Wednesday, March 19, 2014

The Gweilo Dojo: IRONHEART (1992)

As always I'm going to nail my colors to the mast straight off. Bob Clouse is the man. Even his minor work in the '70s and '80s is entertaining. Say what you want about GYMKATA (1985), it certainly hasn't slipped into obscurity. GOLDEN NEEDLES (1974) and FORCE: FIVE (1981) are never going to compete for popularity with ENTER THE DRAGON (1973), but they are still great fun. His post-apocalypse film THE ULTIMATE WARRIOR (1975) was without question the basis for MAD MAX 2: THE ROAD WARRIOR (1981). He contributed to the '70s killer canine subgenre of the nature-gone-amok subgenre with THE PACK (1977) which is one of the best examples of it's type. Sure there was GAME OF DEATH (1978), but look at what he had to work with. An unfinished film and no budget. Besides, I can't even begin to imagine how difficult it must have been to try to break into the film industry, much less become successful when you are completely deaf. Even so, GAME is not the low point of his career. IRONHEART is his last film and unfortunately it is without question his worst.

A rich businessman, Milverstead (Richard Norton) and his henchman Ice (Bolo Yeung), are operating a white slave ring by having hot girls picked up by pretty dudes in his club in order to kidnap them and shoot them up with smack. Why is he wasting his money injecting them with heroin when he keeps them locked up in the hold of a ship where they can't escape? Apparently, it for the same reason that Donald Trump digs firing people; just for the sadistic pleasure of it. A newly promoted cop, John (Britton K. Lee), is on the case looking for the missing girl. Not very hard mind you as he is the absolute worst detective in the history of motion pictures. How bad is he? Let me tell you.

One day while tooling around in his red Porsche he sees a female jogger being attacked by a group of pot smokin' trash. After watching her get torn apart and screaming for help for a while, he presumably realizes that this situation will not resolve itself peacefully and slowly walks down the hill to confront the thugs who even though armed, don't bother to actually shoot him and proceed to get their asses kicked one at at time. In another scene he and his new way-too-hot-for-him girlfriend (Karman Kruschke) are attacked by Milverstead's goons causing her car to be rendered inoperable. John decides that the car can't be left where it is because Milverstead would be able to trace the car back to her and, presumably, find out where she lives. He is a newly promoted cop so his solution is to have it towed away for being illegally parked. Just kidding. No, his solution is to pull out his sidearm, shoot a hole in the gas tank and then shoot the leaking gas causing the car to explode in a giant ball of flame and burn in the middle of the street. Makes perfect sense, aside from the fact that he just violated about 20 laws and ordinances.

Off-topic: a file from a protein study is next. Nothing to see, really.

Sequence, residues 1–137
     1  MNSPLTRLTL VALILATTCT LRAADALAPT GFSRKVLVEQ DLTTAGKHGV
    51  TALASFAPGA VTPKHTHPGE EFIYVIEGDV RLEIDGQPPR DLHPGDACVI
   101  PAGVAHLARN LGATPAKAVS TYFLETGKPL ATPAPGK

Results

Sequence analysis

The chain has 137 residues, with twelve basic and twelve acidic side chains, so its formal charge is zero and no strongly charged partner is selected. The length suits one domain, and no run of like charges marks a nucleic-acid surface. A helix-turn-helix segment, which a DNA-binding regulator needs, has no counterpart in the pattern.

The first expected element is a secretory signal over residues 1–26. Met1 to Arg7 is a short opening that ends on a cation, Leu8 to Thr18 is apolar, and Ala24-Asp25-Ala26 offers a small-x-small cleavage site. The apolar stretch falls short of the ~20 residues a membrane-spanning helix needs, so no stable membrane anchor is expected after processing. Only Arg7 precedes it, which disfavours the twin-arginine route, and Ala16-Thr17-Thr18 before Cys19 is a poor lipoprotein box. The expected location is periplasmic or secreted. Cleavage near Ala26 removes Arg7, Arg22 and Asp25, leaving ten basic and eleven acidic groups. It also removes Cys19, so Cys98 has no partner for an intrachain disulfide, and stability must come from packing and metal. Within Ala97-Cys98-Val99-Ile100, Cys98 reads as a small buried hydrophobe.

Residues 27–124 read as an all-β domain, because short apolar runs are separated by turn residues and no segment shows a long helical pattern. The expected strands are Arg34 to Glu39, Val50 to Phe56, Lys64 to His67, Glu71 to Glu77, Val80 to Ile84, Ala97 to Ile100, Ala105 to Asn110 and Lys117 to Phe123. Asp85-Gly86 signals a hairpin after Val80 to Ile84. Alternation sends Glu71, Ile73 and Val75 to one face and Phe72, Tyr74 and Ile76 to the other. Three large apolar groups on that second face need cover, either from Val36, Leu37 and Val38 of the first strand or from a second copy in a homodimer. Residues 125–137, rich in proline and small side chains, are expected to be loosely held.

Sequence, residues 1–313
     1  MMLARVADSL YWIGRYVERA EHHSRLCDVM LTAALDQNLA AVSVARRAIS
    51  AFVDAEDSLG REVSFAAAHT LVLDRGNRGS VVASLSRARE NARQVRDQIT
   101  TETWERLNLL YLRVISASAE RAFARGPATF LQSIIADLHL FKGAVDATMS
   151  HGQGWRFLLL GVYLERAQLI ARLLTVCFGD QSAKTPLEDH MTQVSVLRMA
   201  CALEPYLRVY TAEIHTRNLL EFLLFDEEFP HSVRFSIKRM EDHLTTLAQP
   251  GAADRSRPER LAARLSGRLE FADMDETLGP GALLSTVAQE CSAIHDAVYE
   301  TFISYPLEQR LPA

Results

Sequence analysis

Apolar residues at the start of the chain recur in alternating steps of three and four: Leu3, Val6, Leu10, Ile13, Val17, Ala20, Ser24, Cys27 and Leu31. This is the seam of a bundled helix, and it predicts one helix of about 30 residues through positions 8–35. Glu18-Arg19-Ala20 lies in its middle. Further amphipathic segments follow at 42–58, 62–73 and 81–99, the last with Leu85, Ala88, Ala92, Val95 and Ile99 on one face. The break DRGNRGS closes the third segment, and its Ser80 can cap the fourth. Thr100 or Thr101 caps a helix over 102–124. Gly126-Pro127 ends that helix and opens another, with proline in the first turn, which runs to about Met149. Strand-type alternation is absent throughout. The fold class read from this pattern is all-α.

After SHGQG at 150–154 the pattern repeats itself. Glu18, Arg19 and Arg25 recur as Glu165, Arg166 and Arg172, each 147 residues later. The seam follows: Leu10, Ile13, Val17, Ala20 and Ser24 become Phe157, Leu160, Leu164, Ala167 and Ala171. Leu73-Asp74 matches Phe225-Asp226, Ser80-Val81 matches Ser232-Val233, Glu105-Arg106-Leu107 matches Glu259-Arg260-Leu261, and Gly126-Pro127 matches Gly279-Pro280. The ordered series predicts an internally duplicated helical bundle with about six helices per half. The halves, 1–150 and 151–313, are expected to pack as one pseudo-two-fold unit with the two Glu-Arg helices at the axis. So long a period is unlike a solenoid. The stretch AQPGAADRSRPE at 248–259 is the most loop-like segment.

The fight scenes are sadly few and far between and shockingly, none of them feature Norton. In Bolo's first of two fight scenes he makes a big display out of slowly taking off his jacket, slowly pulling out a headband, slowly tying the headband around his head, then punching the guy twice, backing off and shooting him with a submachine gun. Why even bother taking off your jacket for that? There are a few longer fight scenes at the end, sadly they suffer from a cropped image and heavy handed editing. Even worse there is clearly some graphic violence that has been cut to receive an R-rating. The tell-tale sign of foleyed sound effects for images that aren't on screen (such as the sound of blood squirting) indicate some heavy editing.

Actually the movie wouldn't be so bad if it had less padding and more fighting. Without the fighting we are left with Lee's acting and it is atrocious. The man has one expression for everything and it's usually reserved for something with a hook in it's mouth. This may be due to the fact that it appears that he his reading his lines phonetically off of cue cards. I guess there's a reason he never appeared in anything else. Even his haircut makes him look like a dork.


Unfortunately in his later years Clouse suffered from kidney disease and ultimately led to his death five years after this film was made. I can only assume that the debilitating effects of dialysis and medication made it difficult to direct a low-budget movie, to say the least. Sadly, it really shows with unimaginably long sequences of padding, including a five-minute long opening scene of people enthusiastically dancing in a club to a cheesy hip-hop song. The second unit director must have shot hours of this footage and it is used and abused to the point where it makes up probably a third of the film's running time. Add to that a staggering amount of footage of people walking, driving, shooting pool, exercising and sometimes, just to break up the monotony, there is some terrible, droning voice-over work to advance the whisp of a plot.

With such a fine legacy behind him, to have Bob Clouse go out on such a low note is a crying shame. Still, because it's a Bob Clouse movie, it must be watched. Now if only I could get my hands on THE LONDON CONNECTION (1979)...

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